Alcatel Speedtouch under Gentoo linux


This is my first How-to so bear with me 🙂

This guide is written for people who want to use an old Alcatel Speedtouch ADSL modem under linux. The first part of the guide will tell you how to set up the uplink using the modem. After that, I’ll explain how to turn the gentoo machine which controls the uplink into a internet router.

Note: this is a copy from the original article I posted on Gentoo Wiki. By now there might be differences in the content but this is the original.
Updated: Reformatted by hand to clean up the HTML to fix the layout.


Right now I have an old linux server (200Mhz Pentium) downstairs running SuSE 6.x which is hooked up to an Alcatel Speedtouch modem working as an internet router. Although an old modem, there seem to be numerous people who are still using this piece of history to connect to the internet.

There used to be a (dutch) site which had a prefab package to setup the modem, the server and set up a firewall. Unfortunately the site is gone now leaving people like me without a fresh installer to configure the Alcatel Speedtouch.

Back then my knowledge of linux was poor at best – I knew a few commands and I thought I was a big shot for getting SuSE to run and even route my ADSL traffic… Looking back I regret that I didn’t know what I do now as I would probably be able to monitor the install scripts to be able to copy the behaviour and redo it on my new and shiny gentoo server.

While writing this I’m attempting to get the Speedtouch to work with gentoo so hopefully this how-to is easy to follow as you will be doing the same things as I am.

How this is supposed to work

If you’re no tech-wiz, skip the techno talk and simply follow the steps. For everybody else, this is how it should work when we’re done.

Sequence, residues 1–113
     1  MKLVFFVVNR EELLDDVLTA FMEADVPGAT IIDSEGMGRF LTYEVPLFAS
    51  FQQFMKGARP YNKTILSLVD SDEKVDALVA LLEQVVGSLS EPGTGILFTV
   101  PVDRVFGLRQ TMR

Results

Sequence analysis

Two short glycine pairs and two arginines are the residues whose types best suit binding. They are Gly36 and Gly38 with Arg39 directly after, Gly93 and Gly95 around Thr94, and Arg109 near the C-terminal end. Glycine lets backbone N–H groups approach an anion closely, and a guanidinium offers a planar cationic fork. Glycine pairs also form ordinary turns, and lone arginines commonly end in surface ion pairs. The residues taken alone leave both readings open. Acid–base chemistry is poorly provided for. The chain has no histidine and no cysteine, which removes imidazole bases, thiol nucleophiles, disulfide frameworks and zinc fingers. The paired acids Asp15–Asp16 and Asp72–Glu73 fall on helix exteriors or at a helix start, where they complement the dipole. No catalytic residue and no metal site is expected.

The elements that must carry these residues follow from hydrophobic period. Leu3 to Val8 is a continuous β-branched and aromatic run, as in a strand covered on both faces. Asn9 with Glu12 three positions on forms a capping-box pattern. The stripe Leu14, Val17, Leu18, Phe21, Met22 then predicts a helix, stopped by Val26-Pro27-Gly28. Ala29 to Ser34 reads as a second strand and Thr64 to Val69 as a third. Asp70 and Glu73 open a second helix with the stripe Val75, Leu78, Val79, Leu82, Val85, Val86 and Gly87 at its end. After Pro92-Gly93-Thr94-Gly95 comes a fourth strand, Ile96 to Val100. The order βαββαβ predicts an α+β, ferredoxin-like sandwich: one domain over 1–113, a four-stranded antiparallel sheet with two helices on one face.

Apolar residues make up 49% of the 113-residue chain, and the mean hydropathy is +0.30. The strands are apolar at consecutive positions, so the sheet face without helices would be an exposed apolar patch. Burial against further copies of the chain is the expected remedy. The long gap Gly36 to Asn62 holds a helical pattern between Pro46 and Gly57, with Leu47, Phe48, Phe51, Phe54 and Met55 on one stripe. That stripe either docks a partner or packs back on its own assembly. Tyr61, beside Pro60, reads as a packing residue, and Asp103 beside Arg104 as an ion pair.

The modem and the server have their own ethernet connection in the 10.0.0.x range. Over this network they will create a tunnel using ppp (to be exact synchronous pptp). This tunnel transports the actual internet traffic. Therefor, the endpoint of this tunnel is at the server and will have the public ip address. I will assume that the server has 2 network interfaces, one will be used for the network connection with the modem and the other will go towards your internal network.

IMPORTANT: I assume eth0 is the interface with is connected to the modem while eth1 is the interface connected to your lan. Also, the default configuration of the modem is to use address, which I will use in this howto.

To provide a bit of a complete manual I’ll incorporate the set up of the network forwarding and NAT so you can use the internet from every system in your lan. To make the set up of all your computers easier I will also add a DHCP server.

Please note however that these are basic setups and not advanced guides for firewalling or DHCP servers. Please look to other guides for that kind of information.

WARNING: This implies that your server will be connected to the outside world without intervention of the modem: there is no firewall or anything between your server and the world wide web… Ponder about that for a while and I hope you understand the importance of a firewall or at least a simple iptable script that closes all the ports on the internet uplink.

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